-- Mary Elizabeth Dallas
WEDNESDAY, June 15 (HealthDay News) -- Inadequate
bowel-cleansing before a colonoscopy can result in high miss rates
for precancerous polyps (adenomas) and a need for earlier repeat
tests, a new study finds.
"Our findings of a miss rate of 42 percent for all adenomas and 27 percent for advanced adenomas suggest that suboptimal bowel preparation has a substantial harmful impact on the effectiveness of colonoscopy, and follow-up examination within one year should be considered," said study lead author Dr. Benjamin Lebwohl of Columbia University Medical Center in New York City.
Since colorectal cancer develops slowly over time, effective
screening and early detection of the disease is key to a patient's
survival. Colonoscopy screening enables doctors to identify and
remove precancerous polyps (small growths in the colon) before they
turn into cancer. In order for this procedure to be effective,
however, patients' bowels must be thoroughly cleansed so that
doctors can spot any abnormalities.
The success of the bowel "prep" depends largely on individual
patients, who have to carefully follow instructions about taking
medication at home in liquid or tablet form that causes diarrhea,
thereby emptying the colon.
This preparation takes an average of 16.5 hours, according to a
Harvard Medical School guide to the procedure, and may involve
consuming up to a gallon of an oral solution containing the
medication the day before the colonoscopy (while consuming only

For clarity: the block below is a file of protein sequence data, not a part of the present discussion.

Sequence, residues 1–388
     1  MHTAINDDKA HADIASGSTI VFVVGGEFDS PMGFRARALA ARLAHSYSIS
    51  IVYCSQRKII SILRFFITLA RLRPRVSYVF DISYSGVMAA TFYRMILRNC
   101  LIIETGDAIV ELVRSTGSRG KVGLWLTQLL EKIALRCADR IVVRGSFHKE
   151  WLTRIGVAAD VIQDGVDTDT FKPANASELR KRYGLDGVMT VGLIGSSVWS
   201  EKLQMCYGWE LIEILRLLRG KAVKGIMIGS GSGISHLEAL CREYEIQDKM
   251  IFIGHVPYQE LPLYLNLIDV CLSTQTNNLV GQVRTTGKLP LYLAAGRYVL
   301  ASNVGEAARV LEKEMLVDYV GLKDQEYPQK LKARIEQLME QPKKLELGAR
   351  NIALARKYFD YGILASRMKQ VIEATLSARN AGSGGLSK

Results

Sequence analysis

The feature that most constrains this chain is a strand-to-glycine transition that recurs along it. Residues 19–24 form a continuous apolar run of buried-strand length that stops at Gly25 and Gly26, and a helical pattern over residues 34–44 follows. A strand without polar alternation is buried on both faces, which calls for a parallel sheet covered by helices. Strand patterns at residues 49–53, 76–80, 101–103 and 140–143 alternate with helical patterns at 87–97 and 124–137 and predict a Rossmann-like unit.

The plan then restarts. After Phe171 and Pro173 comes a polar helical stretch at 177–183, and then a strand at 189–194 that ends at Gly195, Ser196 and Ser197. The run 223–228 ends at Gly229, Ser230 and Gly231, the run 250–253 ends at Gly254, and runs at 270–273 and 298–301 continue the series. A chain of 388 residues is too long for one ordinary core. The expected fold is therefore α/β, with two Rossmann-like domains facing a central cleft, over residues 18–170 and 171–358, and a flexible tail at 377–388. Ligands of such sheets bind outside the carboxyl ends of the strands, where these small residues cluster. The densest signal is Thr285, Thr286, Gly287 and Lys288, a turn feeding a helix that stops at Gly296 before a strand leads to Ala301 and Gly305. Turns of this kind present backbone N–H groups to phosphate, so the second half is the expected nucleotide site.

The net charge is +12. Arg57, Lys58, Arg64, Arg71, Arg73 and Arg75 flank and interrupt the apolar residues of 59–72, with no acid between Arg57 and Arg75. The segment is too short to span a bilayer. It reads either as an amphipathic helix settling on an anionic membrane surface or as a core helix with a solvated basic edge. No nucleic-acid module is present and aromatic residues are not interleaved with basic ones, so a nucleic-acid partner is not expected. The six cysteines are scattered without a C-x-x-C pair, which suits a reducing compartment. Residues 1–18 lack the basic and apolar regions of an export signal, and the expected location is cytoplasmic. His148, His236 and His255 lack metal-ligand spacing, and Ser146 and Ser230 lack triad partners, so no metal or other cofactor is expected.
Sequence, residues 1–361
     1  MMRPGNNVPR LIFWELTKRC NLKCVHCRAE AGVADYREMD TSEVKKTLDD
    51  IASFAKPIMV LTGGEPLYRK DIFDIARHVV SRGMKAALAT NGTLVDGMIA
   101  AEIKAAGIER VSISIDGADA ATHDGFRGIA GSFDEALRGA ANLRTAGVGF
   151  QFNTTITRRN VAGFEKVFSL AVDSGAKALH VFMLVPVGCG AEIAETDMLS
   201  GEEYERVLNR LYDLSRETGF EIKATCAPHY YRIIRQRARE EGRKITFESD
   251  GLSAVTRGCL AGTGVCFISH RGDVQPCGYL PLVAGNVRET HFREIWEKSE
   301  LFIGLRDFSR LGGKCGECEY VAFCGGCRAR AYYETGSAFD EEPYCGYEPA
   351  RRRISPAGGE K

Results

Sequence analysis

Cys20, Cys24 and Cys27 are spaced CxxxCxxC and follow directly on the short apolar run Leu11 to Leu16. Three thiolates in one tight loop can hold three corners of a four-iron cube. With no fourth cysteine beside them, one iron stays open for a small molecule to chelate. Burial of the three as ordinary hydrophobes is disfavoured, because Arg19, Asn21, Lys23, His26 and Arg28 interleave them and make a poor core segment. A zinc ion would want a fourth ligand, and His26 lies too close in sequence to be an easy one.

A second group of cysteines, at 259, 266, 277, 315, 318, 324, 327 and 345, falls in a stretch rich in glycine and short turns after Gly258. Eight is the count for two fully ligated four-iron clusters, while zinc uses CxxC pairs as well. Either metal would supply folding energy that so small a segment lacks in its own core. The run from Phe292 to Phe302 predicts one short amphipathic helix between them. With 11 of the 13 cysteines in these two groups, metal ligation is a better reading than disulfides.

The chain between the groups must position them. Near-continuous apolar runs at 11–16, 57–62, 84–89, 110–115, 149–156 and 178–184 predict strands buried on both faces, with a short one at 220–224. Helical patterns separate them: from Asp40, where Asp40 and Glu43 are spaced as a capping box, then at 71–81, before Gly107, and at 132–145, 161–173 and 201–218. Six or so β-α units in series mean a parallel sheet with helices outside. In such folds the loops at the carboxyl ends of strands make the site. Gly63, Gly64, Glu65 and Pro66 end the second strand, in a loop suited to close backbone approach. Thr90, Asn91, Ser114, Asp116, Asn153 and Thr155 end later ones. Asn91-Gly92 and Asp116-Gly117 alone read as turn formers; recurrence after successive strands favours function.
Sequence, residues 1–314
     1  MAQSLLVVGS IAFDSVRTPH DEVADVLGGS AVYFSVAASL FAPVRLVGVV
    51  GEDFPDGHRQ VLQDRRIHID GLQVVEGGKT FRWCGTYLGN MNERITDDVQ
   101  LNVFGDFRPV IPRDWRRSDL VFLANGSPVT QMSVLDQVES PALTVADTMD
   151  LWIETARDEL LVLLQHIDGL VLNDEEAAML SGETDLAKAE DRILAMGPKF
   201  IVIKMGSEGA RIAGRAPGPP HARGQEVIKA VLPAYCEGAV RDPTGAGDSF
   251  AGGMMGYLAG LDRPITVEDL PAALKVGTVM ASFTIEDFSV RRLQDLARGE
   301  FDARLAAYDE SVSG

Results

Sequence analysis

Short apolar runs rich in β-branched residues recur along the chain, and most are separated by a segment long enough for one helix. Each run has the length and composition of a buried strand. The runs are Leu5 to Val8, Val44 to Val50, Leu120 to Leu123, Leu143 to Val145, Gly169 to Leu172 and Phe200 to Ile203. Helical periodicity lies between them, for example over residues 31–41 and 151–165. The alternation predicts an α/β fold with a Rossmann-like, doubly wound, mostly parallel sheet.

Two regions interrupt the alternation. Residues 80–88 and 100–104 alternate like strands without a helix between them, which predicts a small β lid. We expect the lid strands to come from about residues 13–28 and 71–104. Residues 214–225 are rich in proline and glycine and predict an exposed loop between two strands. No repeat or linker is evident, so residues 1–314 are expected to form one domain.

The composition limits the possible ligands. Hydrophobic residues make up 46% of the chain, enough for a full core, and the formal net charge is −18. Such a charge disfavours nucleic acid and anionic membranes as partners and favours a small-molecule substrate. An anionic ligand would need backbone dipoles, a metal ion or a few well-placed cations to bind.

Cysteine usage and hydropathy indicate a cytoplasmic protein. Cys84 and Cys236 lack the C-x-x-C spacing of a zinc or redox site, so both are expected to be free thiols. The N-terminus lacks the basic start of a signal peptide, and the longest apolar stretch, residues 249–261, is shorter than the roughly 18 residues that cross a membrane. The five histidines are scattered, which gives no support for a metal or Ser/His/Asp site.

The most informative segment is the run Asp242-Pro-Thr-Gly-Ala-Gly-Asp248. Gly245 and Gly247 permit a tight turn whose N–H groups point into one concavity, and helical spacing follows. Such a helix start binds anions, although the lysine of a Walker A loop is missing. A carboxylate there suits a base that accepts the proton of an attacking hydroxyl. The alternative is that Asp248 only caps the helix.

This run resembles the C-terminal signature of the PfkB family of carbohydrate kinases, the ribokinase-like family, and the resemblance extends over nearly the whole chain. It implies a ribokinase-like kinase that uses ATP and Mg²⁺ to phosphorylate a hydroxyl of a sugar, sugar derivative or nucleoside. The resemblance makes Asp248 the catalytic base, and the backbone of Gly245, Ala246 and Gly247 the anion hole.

clear liquids during that day), avoiding nuts, seeds and insoluble
fiber up to three days before the procedure, and fasting for six
hours or more in preparation for it.
In conducting the study, published in the June issue of
GIE: Gastrointestinal Endoscopy, researchers reviewed the bowel preparation quality of 12,787 patients who underwent colonoscopy at Columbia over the course of roughly two years. They found preparation quality was either poor or fair for 24 percent, or about 3,000, of those patients.
Among those with inadequate bowel preparation, 17 percent needed
a repeat colonoscopy within three years. The repeat procedures
(with proper bowel preparation) uncovered 198 precancerous polyps.
Of those polyps, 83 were only spotted during the follow-up
colonoscopy -- revealing a miss rate of 42 percent.
For the colonoscopies repeated in less than one year, the miss
rate for adenomas was 35 percent and for advanced adenomas, 36
percent, the researchers said.
The findings suggest that the success of colorectal cancer
screening programs hinges on proper testing techniques, including
bowel preparation, the researchers said in a news release from the
American Society for Gastrointestinal Endoscopy.
Current guidelines that specify recommended intervals between
colonoscopies presume optimal bowel preparation, the study authors
said in the news release. In cases of insufficient bowel cleansing,
the decision of when to repeat the test is left to the individual
physicians doing the colonoscopies.
Repeating tests at more frequent intervals increases the overall
cost of colonoscopy, they added.
The U.S. National Digestive Diseases Information Clearinghouse
provides more information on
colonoscopy and how it is performed.
Please be aware that this information is provided to supplement the care provided by your physician. It is neither intended nor implied to be a substitute for professional medical advice. CALL YOUR HEALTHCARE PROVIDER IMMEDIATELY IF YOU THINK YOU MAY HAVE A MEDICAL EMERGENCY. Always seek the advice of your physician or other qualified health provider prior to starting any new treatment or with any questions you may have regarding a medical condition.
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